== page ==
You'll have fun ranking them on their levels of deplorability as you watch the film. Many consider Clive Owen's Dr. Larry to be the worst of the bunch because he seems to take way too much delight in hurling his hurtful but witty one-liners and, like Anna, has a false belief he's acting more responsibly than everyone else. I actually thought he was the most likable because unlike the rest of the chracters he at least had the self-respect to fight back even if his methods were questionable. Owen (who actually played Dan in the stage version) is known for playing dark, brooding characters, but here he starts out as kind of a hapless sap, who due to circumstances beyond his control is turned dark and brooding. It's a huge transformation but Owen pulls it off and it's no surprise to me he was also able to play the role of Dan on stage and Larry on screen. He's that versatile.

2004 was the year Jude Law was in just about every other movie and he's the weak link in this as he mopes from scene to scene adding nothing to the role of Dan. I realize this guy is supposed to be a loser and a coward, but Jonathan Rhys Meyers played nearly the exact same role a year later in Woody Allen's Match Point to far greater effect. Law just seemed to sleep walk through this. Julia Roberts is actually really, really good as Anna. That I believed Law's character would cheat on Alice with her (when on paper it would seem unfathomable) is a high compliment to Julia as an actress. There's also something really funny and exciting seeing an actress who's been known as "America's sweetheart" having to deliver the dirty, graphic lines she does in this movie. Here's an example of casting against type that actually works.

The most sympathy to be had is for Alice, in no small part due to the fact that Portman is playing her, which I'm sure Nichols knew. She gives a great performance , made all the more brave and admirable by the fact that, like Roberts, she is completely miscast. By the end though, our sympathy dwindles for her as we're given a hint she not only hasn't been straight with the other characters, but with us.

What's strange about the film is that it presents itself as a no holds barred look at sex, infidelity and relationships but there's absolutely no sex or nudity in the picture. The closest we get is the now relatively infamous scene at the strip club with Alice and Dr. Larry. This encounter should give Portman fans a heart attack and joins the list of reasons the pause button on a remote control was invented. It comes dangerously close to being offensive and expoitive but Portman's performance reigns it in. I read an interview with her saying she took this role to overcome her fears and prove to herself she could do something different like this. She did, but I'm not sure at what cost or whether that's the right reason to ever take a role. Supposedly a nude scene was filmed then taken out at her insistence. but trust me she comes close enough that it didn't really make a difference either way. From what we know about her and her previous film choices, this had to be an ordeal for her to shoot and I commend her bravery in doing it.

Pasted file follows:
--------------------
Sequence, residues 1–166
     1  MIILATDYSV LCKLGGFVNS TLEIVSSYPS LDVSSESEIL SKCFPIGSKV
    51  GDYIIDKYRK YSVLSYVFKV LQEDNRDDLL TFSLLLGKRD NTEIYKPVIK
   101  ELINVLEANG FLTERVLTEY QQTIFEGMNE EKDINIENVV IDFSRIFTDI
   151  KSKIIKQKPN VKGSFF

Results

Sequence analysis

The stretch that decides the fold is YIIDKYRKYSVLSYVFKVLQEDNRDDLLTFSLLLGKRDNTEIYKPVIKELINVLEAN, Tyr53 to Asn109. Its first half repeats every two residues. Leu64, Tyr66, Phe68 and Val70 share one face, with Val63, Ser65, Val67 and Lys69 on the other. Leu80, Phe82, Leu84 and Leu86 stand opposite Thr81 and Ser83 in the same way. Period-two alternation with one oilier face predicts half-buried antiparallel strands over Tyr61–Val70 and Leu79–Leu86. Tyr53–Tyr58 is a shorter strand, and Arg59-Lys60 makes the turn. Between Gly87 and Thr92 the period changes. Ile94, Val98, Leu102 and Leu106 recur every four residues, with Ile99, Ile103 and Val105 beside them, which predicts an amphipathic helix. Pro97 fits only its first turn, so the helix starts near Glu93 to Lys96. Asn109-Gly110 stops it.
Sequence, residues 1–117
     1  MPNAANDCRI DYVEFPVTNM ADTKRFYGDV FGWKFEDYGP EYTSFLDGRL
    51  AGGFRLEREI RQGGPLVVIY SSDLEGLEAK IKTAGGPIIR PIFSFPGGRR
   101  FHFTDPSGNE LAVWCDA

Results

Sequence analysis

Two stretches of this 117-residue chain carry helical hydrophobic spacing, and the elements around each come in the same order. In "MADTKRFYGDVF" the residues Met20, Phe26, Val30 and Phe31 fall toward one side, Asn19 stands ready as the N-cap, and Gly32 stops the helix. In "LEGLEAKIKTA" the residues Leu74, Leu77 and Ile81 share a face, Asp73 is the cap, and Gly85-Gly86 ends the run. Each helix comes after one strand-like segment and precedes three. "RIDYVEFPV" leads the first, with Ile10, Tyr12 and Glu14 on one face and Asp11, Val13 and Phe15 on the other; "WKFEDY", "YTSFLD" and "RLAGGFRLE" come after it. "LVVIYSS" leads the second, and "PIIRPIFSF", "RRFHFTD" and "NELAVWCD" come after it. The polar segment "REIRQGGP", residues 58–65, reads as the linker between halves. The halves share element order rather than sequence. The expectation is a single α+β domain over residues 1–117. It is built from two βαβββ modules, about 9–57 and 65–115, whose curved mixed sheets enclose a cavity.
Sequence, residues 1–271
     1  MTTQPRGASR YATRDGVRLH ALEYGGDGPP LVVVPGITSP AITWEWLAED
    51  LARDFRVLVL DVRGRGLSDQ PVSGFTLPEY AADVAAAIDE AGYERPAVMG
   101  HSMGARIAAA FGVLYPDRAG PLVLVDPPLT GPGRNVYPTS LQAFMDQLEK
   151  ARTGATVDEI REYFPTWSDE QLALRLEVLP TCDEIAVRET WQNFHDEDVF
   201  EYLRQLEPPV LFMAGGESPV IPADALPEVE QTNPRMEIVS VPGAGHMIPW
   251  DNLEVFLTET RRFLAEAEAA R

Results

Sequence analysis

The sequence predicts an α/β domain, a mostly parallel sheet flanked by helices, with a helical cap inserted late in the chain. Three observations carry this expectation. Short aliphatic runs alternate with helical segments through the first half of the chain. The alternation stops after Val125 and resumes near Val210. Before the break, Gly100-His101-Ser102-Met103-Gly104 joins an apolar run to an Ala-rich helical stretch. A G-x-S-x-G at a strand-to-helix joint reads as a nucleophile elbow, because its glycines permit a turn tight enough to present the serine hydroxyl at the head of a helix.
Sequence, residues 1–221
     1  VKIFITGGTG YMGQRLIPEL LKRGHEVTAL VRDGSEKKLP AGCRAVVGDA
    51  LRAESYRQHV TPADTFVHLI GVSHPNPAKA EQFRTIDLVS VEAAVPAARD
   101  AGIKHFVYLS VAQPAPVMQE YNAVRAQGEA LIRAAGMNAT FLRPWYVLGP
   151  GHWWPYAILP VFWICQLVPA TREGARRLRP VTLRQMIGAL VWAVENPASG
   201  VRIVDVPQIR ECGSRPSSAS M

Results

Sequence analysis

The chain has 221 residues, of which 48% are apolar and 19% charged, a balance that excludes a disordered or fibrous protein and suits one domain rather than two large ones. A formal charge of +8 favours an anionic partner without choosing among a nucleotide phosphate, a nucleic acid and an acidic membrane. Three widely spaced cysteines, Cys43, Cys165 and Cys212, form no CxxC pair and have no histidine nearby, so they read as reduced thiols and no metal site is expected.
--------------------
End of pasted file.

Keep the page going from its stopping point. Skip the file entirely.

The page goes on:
Since the movie was filmed by Mike Nichols (The Graduate, Who's Afraid of Virgina Woolf?) we know at least an adequate job was done visually to make it look like it's an important film. I have to be honest though and say that by the end I'm not too sure what we accomplished. Everything seemed to go back to where it started off originally, despite Nichols' attempt to visually convey an amazing transformation of sorts (for Alice at least) at the end. That attempt, which really bookends the entire story, is set to Damien Rice's haunting and hypnotic song "The Blower's Daughter." I mention that not only because it's an integral part of the story because the music video for that song is the only special feature available on the DVD release of this film.

You'd figure if any film deserved an in depth analysis complete with commentaries and interviews it was this. How did Portman feel about doing that strip club scene and how did she approach it? What would director Nichols have to say about the deeper themes of the story and how he tried to convey them? You could go on all day. A film exploring as many issues as this deserved a double disc set. The movie may not be as important as Nichols intended it to be but there is a certain cruel irony in the film's title. When the story's over we feel no closer to the main characters than they do to one another, which is probably for the better.

No comments: